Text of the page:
Using a mobile app to process a video is not uncommon. When the app you’re using only works one still shot at a time, though, it’s a tedious process. It’s also a long process. The result seems worth the effort, though, at least in this case.
Adding some motion to the camera is one of the simplest ways to give your footage a bit of interest. Today, we have more options than ever when it comes to how we can get that motion.
For Matt and Kim’s latest music video for their song, Let’s Run Away, they decided to try something a little different using an evolution of Nicolas Vuignier’s Centriphone technique with a coat hanger and a GoPro.
Did you know Canon Asia introduced the slogan ‘Delighting You Always’ a decade ago? Neither did I. But, to honor the 10th anniversary of a slogan few people have likely heard of, they’ve created an equally unusual music video. [Read more…]
The first thing that comes to mind when thinking “Forced Perspective” is the Leaning Tower of Pisa being held to prevent it from falling, or holding the Eiffel Tower. Yea, kitschy, I know. But in the right hands, forced perspective can be a powerful tool.
Oscar Hudson directed this clip for Darwin Deez and the thing is a mastery of forced perspective. Each shot is made with a money note hiding part of Darwin’s face and having his mouth show. Here comes punch though, this is not done in after effects, but in camera as a practical effect. The secret? Shooting at F/22 for maximum depth of field and playing with subject to camera distances.
Holding my breathe for even a minute is a difficult task, let alone for four minutes straight. And I can’t say that I’ve ever been tied up and sunk to the bottom of a pool. But, for free diver Marina Kazakova, it’s all in a days work.
“Lydia is a song about a failed relationship,” says Johnny Stevens of Highly Suspect, “and how it can be kind of tragic sometimes when two people’s life choices lead them in different directions but their love is still there.” Apparently, drowning a woman was the best way to communicate that (said in all jest).
The incredible music video, brought to life by Pier Pictures, was shot a single 4-minute underwater take, during which Marina held her breath the entire time. Now we get a look behind the scenes of how this inspiring film was created.
The music video for Kendrick Lamar’s “Alright” is a huge clash of tastes for me. First, I love black and white photography and videography, which I believe partly springs from how I look at life – as black and white, yes or no, on or off. Secondly, the production quality is great and appeals to my cinematic tastes. However, I strongly dislike rap music and feel that this song, in particular, is offensive to the very demographic he is rapping about.
But, be that as it may, the editing skill of Vinnie Hobbs in the final product is amazing. Vinnie was generous enough to give us a look behind the scenes with a timelapse video (after the jump) of his process across the three days of editing it took to compile the footage, edit effects, and present a polished piece.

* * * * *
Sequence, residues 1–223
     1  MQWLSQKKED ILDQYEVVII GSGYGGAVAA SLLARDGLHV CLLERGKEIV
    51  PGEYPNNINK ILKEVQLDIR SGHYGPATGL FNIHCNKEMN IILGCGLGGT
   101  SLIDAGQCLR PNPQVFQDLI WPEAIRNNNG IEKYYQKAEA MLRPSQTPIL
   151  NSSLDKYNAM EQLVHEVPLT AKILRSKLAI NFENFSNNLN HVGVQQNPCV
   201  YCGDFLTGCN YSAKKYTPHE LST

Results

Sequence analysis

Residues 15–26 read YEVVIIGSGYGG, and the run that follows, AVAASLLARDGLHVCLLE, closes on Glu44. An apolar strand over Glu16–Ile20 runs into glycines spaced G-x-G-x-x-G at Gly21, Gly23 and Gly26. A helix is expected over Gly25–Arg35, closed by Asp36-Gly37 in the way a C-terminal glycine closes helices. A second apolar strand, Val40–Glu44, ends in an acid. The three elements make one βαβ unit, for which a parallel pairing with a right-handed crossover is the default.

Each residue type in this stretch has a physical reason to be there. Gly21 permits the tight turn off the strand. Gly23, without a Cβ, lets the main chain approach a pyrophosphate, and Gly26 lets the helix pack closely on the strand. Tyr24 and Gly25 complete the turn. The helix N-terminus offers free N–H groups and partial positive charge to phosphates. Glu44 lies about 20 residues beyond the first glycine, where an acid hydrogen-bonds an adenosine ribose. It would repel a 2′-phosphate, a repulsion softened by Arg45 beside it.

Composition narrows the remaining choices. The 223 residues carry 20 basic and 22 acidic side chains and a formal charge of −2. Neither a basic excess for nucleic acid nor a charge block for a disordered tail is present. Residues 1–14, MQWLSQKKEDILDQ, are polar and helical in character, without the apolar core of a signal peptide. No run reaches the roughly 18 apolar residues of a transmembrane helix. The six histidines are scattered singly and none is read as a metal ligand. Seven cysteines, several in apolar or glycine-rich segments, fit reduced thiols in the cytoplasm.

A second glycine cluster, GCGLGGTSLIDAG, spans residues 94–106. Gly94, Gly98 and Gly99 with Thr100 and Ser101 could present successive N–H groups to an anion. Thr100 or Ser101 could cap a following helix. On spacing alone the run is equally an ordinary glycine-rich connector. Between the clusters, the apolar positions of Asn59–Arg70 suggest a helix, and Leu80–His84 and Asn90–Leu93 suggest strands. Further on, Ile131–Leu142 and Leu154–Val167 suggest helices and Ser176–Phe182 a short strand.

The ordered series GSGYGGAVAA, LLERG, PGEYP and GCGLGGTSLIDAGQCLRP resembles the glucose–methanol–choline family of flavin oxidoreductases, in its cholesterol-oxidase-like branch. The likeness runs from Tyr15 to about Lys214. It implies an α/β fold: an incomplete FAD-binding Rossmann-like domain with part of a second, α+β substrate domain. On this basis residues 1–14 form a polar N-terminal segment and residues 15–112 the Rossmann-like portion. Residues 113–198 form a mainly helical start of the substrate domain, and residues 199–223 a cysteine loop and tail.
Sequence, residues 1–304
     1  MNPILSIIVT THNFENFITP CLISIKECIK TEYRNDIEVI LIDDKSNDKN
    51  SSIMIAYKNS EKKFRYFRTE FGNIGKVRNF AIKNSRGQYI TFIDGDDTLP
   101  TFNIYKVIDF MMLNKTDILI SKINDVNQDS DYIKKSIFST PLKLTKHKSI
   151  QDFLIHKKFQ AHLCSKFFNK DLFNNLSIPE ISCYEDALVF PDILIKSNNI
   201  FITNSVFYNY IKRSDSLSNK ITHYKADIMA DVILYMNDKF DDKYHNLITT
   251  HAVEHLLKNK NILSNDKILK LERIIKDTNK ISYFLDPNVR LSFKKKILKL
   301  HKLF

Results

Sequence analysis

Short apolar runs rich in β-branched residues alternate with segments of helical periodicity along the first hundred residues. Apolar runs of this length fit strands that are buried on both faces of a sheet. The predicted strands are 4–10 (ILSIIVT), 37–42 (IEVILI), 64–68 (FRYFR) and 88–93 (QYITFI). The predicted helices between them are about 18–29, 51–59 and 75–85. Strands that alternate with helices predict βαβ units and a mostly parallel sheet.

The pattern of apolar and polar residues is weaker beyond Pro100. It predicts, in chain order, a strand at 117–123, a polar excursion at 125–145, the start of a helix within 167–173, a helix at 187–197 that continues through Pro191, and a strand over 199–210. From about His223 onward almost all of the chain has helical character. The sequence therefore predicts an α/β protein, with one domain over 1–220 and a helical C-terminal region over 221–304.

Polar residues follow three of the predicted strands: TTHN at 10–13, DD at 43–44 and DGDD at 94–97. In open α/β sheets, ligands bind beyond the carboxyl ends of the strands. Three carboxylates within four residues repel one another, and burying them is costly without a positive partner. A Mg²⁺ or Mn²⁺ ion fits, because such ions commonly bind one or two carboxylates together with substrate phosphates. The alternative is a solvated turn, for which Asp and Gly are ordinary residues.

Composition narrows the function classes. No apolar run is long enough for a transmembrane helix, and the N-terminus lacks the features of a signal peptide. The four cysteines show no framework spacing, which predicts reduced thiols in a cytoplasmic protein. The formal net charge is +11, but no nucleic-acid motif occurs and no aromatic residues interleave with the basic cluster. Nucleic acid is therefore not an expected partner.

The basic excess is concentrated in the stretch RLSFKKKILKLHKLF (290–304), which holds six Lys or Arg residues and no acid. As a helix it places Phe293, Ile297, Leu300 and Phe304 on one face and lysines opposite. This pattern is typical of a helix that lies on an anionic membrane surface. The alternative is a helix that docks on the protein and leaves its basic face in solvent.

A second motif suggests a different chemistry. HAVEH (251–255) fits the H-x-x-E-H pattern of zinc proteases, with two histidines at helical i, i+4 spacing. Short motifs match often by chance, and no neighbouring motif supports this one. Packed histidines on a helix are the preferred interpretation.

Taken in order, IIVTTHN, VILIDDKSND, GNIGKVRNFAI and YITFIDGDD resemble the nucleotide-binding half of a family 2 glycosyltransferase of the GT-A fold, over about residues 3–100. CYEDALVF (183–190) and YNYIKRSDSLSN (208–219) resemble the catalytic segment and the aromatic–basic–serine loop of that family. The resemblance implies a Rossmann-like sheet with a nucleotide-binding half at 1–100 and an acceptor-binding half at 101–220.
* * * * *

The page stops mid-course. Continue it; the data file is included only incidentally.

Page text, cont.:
(Warning: Strong and offensive language in the videos.)
Have a look at the behind-the-scenes video below for some insight on the painstaking process involved and you’ll understand why making the final video took hundreds of hours.
Photographers, and creatives in general, often think they are being held back by the gear they have (or lack), the locations available at their disposal and the size of the budget for their shoots.
Sure, having the latest and the greatest gear and all the budget you could ask for might make your life easier and offer more opportunities, but that doesn’t mean that you can’t create amazing work with simple gear, creativity and lots of hard work.
Son Lux’s music video, Change Is Everything, is a perfect example of what can be created using extremely low-budget materials – as long as you’re willing to put in the time and sweat.
Keep reading a behind-the-scenes video; you’ll be surprised how painful this project was to create.
Stock footage isn’t particularly known for engaging content. I know this because I have hard drives full of dull video clips and stock photos that I’m still trying to come up with ways in which I can actually use it. That’s part of why I love it when creatives come up with non-traditional applications of stock video and photos. A perfect example is in this YouTube users quirky video, “She A Go”. He mashed together a bunch of mundane stock clips of office workers and laid the most perfectly mismatched soundtrack on top of it. Set to DJ Rashad’s “She A Go”, those infamously stuffy stock footage “co-workers” suddenly get a whole lot more interesting to work with.
Check it out:
Fans of the cult classic internet cartoon, Homestar Runner were delighted to discover the creators have posted a new episode after having been on a long hiatus. The cartoon, known for its pure randomness and quirky flash animation, held true to its roots, this time with a hilarious rap video parody that pokes fun at over used fisheye shots.
The video is part “tutorial” with verses like “Put the camera on the ground and aim it up // make my kicks look huge and my crew look tough” and partially “behind the scenes” footage that will have you nodding and rapping along with the Strongbad posse…”Once you use the fisheye you just can’t stop // it used to be expensive, but then the price dropped.” [Read more…]